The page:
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Relations between metabolic syndrome, oxidative stress and inflammation and cardiovascular disease

P Holvoet
Verhandelingen—Koninklijke Academie Voor Geneeskunde Van BelgiĆ« 2008, 70 (3): 193-219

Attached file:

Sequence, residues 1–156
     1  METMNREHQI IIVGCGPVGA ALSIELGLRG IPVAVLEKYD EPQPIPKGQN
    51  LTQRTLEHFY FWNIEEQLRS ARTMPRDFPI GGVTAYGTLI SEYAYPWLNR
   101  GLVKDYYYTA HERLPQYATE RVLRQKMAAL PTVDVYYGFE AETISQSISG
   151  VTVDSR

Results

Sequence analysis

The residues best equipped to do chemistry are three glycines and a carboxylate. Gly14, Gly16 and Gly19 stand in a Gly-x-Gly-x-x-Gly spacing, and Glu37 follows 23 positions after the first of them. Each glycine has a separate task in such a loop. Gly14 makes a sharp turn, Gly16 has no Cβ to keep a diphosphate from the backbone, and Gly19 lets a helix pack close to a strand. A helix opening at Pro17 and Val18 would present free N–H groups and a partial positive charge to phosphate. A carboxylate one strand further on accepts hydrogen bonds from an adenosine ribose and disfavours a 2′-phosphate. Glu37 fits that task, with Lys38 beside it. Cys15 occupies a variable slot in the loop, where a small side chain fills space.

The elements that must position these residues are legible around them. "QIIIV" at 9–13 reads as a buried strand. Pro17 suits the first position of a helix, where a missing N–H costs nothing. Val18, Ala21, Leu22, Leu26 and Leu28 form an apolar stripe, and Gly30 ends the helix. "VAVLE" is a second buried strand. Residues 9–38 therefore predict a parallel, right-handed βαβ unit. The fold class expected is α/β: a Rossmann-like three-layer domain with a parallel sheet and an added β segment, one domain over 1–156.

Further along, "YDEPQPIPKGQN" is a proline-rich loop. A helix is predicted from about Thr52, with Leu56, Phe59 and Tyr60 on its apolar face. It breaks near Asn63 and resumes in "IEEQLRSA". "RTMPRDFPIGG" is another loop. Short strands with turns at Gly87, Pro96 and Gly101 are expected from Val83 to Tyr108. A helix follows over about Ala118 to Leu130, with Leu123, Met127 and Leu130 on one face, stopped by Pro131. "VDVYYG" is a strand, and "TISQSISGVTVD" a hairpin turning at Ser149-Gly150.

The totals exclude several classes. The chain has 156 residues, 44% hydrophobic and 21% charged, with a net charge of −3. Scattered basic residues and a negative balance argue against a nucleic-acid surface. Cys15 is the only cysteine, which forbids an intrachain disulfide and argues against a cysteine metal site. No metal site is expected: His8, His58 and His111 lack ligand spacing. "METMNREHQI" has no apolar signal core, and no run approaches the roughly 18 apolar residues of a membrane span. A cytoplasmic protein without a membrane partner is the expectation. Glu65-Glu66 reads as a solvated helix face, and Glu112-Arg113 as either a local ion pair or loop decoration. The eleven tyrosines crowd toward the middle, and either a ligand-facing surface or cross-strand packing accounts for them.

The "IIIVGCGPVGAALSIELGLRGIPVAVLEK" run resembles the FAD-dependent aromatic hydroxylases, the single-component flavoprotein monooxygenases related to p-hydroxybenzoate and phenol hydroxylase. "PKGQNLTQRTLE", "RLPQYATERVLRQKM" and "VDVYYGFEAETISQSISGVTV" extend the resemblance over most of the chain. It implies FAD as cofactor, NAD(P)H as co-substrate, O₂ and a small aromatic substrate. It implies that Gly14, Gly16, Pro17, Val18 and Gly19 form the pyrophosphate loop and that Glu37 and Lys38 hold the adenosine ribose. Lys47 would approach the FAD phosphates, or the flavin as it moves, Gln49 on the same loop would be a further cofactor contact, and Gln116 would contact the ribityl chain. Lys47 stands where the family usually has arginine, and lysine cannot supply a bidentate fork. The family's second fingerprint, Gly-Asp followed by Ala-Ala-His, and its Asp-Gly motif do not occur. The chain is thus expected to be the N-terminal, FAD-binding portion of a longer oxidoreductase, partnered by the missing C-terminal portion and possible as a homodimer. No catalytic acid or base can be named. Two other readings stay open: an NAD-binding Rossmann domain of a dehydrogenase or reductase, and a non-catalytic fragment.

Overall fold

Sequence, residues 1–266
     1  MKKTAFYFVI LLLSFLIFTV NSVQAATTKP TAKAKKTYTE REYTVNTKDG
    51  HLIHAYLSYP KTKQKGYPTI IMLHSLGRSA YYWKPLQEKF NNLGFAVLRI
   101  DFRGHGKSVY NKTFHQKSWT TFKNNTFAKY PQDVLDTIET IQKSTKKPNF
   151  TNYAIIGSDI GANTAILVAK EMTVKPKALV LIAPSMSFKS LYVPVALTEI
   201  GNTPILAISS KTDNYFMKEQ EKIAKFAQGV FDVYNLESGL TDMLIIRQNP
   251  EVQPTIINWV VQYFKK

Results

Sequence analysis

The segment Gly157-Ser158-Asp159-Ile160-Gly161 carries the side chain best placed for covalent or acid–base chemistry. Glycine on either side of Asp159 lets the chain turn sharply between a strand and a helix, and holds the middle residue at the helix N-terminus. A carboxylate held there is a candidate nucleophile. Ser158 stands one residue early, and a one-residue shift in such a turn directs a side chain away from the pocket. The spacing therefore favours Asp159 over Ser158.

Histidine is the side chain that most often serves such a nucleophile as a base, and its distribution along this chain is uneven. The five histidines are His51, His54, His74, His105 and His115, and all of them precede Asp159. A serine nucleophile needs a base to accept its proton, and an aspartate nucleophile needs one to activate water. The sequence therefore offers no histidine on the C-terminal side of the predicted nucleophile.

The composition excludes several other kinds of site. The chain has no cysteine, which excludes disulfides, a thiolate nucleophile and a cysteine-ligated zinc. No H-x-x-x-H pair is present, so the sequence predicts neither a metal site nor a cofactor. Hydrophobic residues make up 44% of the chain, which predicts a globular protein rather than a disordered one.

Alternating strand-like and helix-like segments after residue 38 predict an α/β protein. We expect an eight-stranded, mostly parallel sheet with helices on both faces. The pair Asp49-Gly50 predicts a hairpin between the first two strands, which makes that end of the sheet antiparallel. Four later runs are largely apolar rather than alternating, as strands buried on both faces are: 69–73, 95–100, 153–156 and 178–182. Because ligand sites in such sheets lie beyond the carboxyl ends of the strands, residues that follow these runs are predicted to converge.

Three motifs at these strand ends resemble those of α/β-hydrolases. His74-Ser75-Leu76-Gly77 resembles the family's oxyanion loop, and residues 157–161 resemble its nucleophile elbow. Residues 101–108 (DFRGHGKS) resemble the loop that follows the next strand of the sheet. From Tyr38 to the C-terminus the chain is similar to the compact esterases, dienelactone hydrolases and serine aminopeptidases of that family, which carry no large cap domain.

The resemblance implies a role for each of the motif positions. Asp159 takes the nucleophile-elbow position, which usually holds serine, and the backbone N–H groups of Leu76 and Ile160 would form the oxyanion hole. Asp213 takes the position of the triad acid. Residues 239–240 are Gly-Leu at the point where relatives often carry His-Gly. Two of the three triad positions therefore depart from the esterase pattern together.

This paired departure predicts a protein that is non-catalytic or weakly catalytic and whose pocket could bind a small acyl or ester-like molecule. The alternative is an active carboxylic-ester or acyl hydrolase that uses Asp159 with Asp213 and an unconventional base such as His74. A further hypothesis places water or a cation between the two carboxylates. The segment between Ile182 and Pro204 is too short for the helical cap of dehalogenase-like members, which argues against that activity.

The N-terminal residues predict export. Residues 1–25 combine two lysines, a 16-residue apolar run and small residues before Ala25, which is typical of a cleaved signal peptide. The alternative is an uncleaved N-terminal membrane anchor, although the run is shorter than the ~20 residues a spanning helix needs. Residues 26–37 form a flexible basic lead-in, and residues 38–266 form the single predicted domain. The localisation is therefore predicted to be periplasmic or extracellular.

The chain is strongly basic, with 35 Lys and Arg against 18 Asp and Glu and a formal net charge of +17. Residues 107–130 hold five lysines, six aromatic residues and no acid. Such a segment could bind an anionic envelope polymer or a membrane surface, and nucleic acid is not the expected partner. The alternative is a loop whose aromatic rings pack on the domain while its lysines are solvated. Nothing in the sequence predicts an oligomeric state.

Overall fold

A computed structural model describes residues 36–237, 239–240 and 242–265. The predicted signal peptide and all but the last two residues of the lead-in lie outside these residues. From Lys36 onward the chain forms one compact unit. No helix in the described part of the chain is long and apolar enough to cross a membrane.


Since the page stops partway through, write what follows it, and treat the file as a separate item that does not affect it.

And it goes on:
The metabolic syndrome is a common and complex disorder combining obesity, dyslipidemia, hypertension, and insulin resistance. It is a primary risk factor for diabetes and cardiovascular disease. We showed for the first time that the metabolic syndrome is associated with a higher fraction of oxidized LDL and thus with higher levels of circulating oxidized LDL. Hyperinsulinemia and impaired glycaemic control, independent of lipid levels, were associated with increased in vivo LDL oxidation, as reflected by the higher prevalence of high oxidized LDL. High levels of oxidized LDL were associated with increased risk of future myocardial infarction, even after adjustment for LDL-cholesterol and other established cardiovascular risk factors. This association is in agreement with the finding that accumulation of oxidized LDL, which activates/induces subsets of smooth muscle cells and macrophages to gelatinase production, was associated with upstream localization of a vulnerable plaque phenotype. Dyslipidemia and insulin resistance in obese LDL receptor-deficient mice were associated with increased oxidative stress and impaired HDL-associated antioxidant defence associated with accelerated atherosclerosis due to increased macrophage infiltration and accumulation of oxidized LDL in the aorta. The accumulation of oxidized LDL was partly due to an impaired HDL-associated antioxidant defence due to a decrease in PON. Our data in this experimental model are thus the more relevant because a decrease in PON activity was found to be associated with a defective metabolism of oxidized phospholipids by HDL from patients with type 2 diabetes. Weight loss in leptin-deficient, obese, and insulin-resistant mice was associated with expressional changes of key genes regulating adipocyte differentiation, glucose transport and insulin sensitivity, lipid metabolism, oxidative stress and inflammation, most of which are under the transcriptional control of PPARs. We established an important relationship between PPAR-gamma and SOD1 for the prevention of the oxidation of LDL in the arterial wall. For example we showed that rosuvastatin decreased the oxidized LDL accumulation by increasing the expression of PPAR-gamma and SOD1. In addition, we established a relation between increased PPAR-alpha expression in the adipose tissue and a change in the gene expression pattern, which explains the decrease of free fatty acids, triglycerides and the increase in insulin sensitivity. We demonstrated that plaque oxidized LDL correlated with coronary plaque complexity in a swine atherosclerosis model. Oxidized LDL correlated positively with the expression of IRF1 and TLR2 suggesting a relation between oxidative stress and inflammation in coronary atherosclerotic plaques. Oxidized LDL induced further the expression of TLR2 and IRF1 in macrophages in vitro suggesting a causative link. As in the mouse model described above, plaque oxidized LDL correlated negatively with SOD1 expression and ox-LDL inhibited the expression of SOD1 in macrophages in vitro. We showed that TLR2, CXCR4 and MYC are overexpressed in monocytes of obese women at high cardiovascular risk and that weight loss was associated with a concomitant decrease of their expression. This suggests that the transcription factor cMYC has an atherogenic effect by inducing pro-inflammatory genes. The increased expression of TLR2 and CXCR4 were observed in the absence of an increase in ox-LDL but in the presence of an increase in SOD1. Interestingly, the expression of SOD1 correlated also with that of MYC, suggesting that it has an atherogenic effect by inducing the expression of an anti-oxidant enzyme. How ox-LDL prevents this increase remains to be determined. How we plan to do this is explained in the next part. In aggregate, our studies contributed to a better understanding of the relationships between metabolic syndrome, insulin signalling, oxidative stress and inflammation and atherosclerosis. We identified paraoxonase, interferon regulatory factor-1, toll-like receptors, CXCR4 and SOD1 as possible targets for intervention.


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